The overwhelming push-back after the NAB tried to force through a mobile phone FM chip requirement suggests that the proverbial snowball in hell has a better chance of success.
Amateurishly handled, the effort not only failed at its goal, it created a backlash in the form of the Congressional Creativity and Innovation Resolution.
Now with the NAB having to play defense, it unleashes Radio Rocks my Phone, a campaign just as terribly misguided as every other NAB effort on behalf of radio beginning with the unforgettable Radio 2020 effort.
The purpose of Radio Rocks my Phone is to get listeners to demand an FM chip in mobile phones. The NAB wants people to write their representatives.
The notion that listeners will write their Congressional representatives on behalf of radio to force a legislated FM chip solution is the height of radio egocentrism. If people are going to write their Congressmen, it isn’t going to be to demand an FM chip.
As the NAB’s own website illustrates, there are already 34 FM equipped mobile phones.
If radio really wants to get an FM chip on every new phone, it is going to have to find a market-based solution.
Cell phone manufacturers are extremely competitive. If they believe a feature is going to give them a marketing advantage over their competitors, they will jump at the chance.
Microsoft has had a couple of false starts with mobile phones. However, their latest operating system, Windows Phone 7, is getting good reviews.
At the system’s roll-out Engadget noted:
Part of what makes Windows Phone 7 a departure for Microsoft is that the company is taking a much bigger role in dictating what hardware is allowed to run the OS. Microsoft has a very clear picture of what they want these units to be built like.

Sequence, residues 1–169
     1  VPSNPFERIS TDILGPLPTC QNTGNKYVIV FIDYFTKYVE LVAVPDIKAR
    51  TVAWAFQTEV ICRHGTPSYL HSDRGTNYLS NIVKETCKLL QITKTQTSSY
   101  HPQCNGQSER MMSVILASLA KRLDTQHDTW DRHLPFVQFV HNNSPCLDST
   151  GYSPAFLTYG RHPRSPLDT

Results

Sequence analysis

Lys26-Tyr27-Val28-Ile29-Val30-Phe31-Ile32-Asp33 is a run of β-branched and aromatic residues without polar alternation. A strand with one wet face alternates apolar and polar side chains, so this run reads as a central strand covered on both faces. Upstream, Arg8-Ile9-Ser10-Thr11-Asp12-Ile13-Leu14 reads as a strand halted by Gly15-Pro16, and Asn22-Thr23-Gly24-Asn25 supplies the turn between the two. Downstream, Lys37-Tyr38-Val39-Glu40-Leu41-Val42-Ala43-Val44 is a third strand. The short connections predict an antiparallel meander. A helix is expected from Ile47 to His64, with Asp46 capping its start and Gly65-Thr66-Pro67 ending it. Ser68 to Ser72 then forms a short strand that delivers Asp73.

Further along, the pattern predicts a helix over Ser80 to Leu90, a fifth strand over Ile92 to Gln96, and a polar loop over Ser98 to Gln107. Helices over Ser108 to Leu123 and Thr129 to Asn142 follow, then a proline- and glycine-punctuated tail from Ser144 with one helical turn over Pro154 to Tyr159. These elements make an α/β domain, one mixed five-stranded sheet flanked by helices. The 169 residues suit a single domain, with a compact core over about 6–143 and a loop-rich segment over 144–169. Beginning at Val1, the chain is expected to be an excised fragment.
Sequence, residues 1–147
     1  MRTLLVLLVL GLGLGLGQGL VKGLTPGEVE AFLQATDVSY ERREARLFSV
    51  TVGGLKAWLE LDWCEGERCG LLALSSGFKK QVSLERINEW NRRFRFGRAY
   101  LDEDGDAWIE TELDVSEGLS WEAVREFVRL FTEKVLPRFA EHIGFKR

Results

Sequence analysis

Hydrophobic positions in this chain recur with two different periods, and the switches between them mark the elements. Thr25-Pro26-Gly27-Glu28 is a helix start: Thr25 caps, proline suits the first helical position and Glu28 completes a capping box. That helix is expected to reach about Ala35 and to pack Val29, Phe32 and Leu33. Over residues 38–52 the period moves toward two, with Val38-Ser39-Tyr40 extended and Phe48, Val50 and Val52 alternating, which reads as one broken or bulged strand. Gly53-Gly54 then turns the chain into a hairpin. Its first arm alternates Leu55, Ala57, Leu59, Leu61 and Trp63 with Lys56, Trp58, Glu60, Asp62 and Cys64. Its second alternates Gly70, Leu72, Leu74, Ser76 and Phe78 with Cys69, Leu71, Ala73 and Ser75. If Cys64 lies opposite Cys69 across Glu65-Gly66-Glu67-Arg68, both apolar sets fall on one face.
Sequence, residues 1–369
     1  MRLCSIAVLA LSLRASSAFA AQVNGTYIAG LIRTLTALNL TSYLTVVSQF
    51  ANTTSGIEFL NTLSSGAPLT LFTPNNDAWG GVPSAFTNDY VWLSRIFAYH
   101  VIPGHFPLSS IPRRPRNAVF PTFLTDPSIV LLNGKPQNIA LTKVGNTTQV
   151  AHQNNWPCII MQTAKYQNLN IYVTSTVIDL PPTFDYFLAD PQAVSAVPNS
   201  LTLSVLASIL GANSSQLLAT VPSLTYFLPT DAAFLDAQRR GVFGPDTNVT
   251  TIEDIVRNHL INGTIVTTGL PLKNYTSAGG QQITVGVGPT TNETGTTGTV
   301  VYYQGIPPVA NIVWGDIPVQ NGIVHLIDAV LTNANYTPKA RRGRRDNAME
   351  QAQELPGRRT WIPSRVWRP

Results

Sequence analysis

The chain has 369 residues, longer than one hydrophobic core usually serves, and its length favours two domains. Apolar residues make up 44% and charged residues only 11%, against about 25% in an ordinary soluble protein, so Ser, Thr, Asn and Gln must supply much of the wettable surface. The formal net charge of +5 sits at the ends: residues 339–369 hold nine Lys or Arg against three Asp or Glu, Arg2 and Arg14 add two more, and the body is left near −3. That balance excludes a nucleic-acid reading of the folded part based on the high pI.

One of Microsoft’s requirements is an FM chip.
If radio wants an FM chip in every mobile phone, the solution is to make Windows Phone 7 a huge hit. AT&T, Verizon, T-Mobile, and Sprint all sell Windows 7 phones.
Make Windows Phone 7 broadcast radio’s official phone. Use radio's power to help make Windows Phone 7 the new standard mobile feature package.
If the NAB partnered with Microsoft, there would be no need for RIAA back-room deals and contentious legislation.
The truth is Microsoft has a history of supporting broadcast while radio squandered the opportunity.
The company’s Zune was the only audio player to make HD Radio standard. Microsoft got no support from radio, no endorsement, and now the Zune is no more.
Radio has a mobile OS company that makes FM standard on its phones, and radio ought to step up to the plate and help make Windows Phone 7 a success.
The TuneIn software streams Internet radio from more than 50,000 AM and FM radio stations over Wi-Fi or a mobile broadband connection. The Windows Phone 7 version integrates with the handset’s internal FM radio to save battery life or listen to local radio programs.
We have the phone. We have the app. Now all we need is to get radio's persuasive powers behind it.
Partnering with Microsoft and supporting Windows Mobile 7 is far more likely to achieve the goal of putting FM chips in mobile phones than the NAB’s recent quixotic efforts.